While information on internal quality assurance is necessarily limited, the findings indicate that the trend for higher education institutions to develop their own strategies for quality enhancement is spreading and increasing.

Equally the public accountability and transparency requirements in quality assurance systems are evolving, with a significant increase in the number of countries reporting that all institutions publish the outcomes of quality assurance evaluations, even when negative.

External quality assurance systems are now practically ubiquitous in the EHEA – a reality that is far different to when the Bologna Process was launched. The main issue is no longer whether or not a quality assurance system has been established, but rather whether the system is producing effective results and working in compliance with the Standards and Guidelines for Quality Assurance in the European Higher Education Area, or ESG.

One of the major trends and commitments made in the context of the Bologna Process is to open up the possibility for higher education institutions to be evaluated by foreign agencies, provided that these are working in full conformity with the ESG.

While there is evidence that higher education institutions are increasingly taking advantage of opportunities to work with agencies from other countries, national reforms in this area are slow-moving, the report says.

Equality of access

Within the EHEA, countries have committed to the goal that the student body should reflect the diversity of the populations and that the background of students should not have an impact on their participation in and attainment of higher education. But the analysis clearly shows that the goal of providing equal opportunities to high-quality higher education is far from being reached.

With regard to gender, some imbalances have reduced over time but nevertheless continue to exist in most countries and across the EHEA as a whole.

The greatest gender imbalances exist, however, between different fields of study. In some fields, such as teacher training or social services, men are strongly under-represented. In other fields, such as computing or engineering, women are strongly under-represented.

Policies aimed at achieving gender balance in higher education are therefore likely to be most effective if they take study-field-specific imbalances into account.

This data also shows very clearly that in nearly all countries an immigration background is negatively associated with higher education attainment. Similarly, the educational background of parents continues to have a strong impact on tertiary education attainment.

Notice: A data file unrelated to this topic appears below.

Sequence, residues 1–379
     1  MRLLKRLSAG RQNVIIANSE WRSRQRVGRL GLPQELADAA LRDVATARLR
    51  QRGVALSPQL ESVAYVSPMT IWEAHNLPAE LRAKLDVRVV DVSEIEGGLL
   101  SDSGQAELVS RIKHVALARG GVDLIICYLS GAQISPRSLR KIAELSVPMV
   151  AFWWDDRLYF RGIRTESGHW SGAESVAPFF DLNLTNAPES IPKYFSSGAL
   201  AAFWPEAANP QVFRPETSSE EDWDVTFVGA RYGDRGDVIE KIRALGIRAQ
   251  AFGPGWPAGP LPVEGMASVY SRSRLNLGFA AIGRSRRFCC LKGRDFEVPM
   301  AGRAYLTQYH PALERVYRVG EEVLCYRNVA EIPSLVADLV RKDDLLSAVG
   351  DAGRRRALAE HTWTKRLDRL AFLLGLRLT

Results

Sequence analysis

Despite a 2009 commitment to set “measurable targets for widening overall participation and increasing participation of under-represented groups in higher education, to be reached by the end of the [...] decade”, less than one in five systems have defined quantitative objectives with a reference to under-represented groups, the report says.

Higher education attainment levels are generally on the rise in the EHEA, yet many students still drop out of higher education without completing their studies. Available completion rates range from 48% to 88%.

Policy interventions to improve such performance tend to focus primarily on giving financial incentives to students to finish their studies on time. Providing specific guidance and support to those first-year students who are most likely to drop out of higher education is less widespread, the report says.

Space for dialogue

Navracsics highlighted the positive effect the Bologna Process has had in creating a “space for dialogue and cooperation which reaches far beyond Europe”.

He said this was a dialogue not just about the technicalities of credit systems and quality assurance, but about the fundamental principles – freedom of expression, tolerance, freedom of research, free movement of students and staff, student involvement and the co-creation of learning – that reflect the basic values on which European society is based.

“As we move towards the 20th anniversary of the Sorbonne Declaration, the Bologna Process must demonstrate its capacity to move forward on two interlinked tracks: ensuring the consistent implementation of reforms on the one hand and outlining the response of our universities and colleges to the challenges of the 21st century on the other,” the commissioner said.